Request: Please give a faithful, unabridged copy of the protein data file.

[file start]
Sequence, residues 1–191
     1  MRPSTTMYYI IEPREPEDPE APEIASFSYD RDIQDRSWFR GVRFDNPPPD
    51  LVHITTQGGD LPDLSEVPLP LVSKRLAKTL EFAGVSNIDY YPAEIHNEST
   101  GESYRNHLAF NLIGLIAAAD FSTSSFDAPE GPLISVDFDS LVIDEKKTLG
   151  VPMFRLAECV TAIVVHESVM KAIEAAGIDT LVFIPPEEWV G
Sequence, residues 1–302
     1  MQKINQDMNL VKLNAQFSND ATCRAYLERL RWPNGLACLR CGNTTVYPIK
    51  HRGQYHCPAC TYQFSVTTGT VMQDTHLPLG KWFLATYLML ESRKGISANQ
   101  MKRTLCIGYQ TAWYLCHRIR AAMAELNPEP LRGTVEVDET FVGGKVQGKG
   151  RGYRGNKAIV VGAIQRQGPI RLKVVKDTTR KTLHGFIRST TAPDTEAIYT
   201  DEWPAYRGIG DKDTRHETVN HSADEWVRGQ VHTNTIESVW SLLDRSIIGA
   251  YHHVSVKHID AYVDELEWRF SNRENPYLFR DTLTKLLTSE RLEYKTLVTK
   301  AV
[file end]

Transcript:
Sequence, residues 1–191
     1  MRPSTTMYYI IEPREPEDPE APEIASFSYD RDIQDRSWFR GVRFDNPPPD
    51  LVHITTQGGD LPDLSEVPLP LVSKRLAKTL EFAGVSNIDY YPAEIHNEST
   101  GESYRNHLAF NLIGLIAAAD FSTSSFDAPE GPLISVDFDS LVIDEKKTLG
   151  VPMFRLAECV TAIVVHESVM KAIEAAGIDT LVFIPPEEWV G
Sequence, residues 1–302
     1  MQKINQDMNL VKLNAQFSND ATCRAYLERL RWPNGLACLR CGNTTVYPIK
    51  HRGQYHCPAC TYQFSVTTGT VMQDTHLPLG KWFLATYLML ESRKGISANQ
   101  MKRTLCIGYQ TAWYLCHRIR AAMAELNPEP LRGTVEVDET FVGGKVQGKG
   151  RGYRGNKAIV VGAIQRQGPI RLKVVKDTTR KTLHGFIRST TAPDTEAIYT
   201  DEWPAYRGIG DKDTRHETVN HSADEWVRGQ VHTNTIESVW SLLDRSIIGA
   251  YHHVSVKHID AYVDELEWRF SNRENPYLFR DTLTKLLTSE RLEYKTLVTK
   301  AV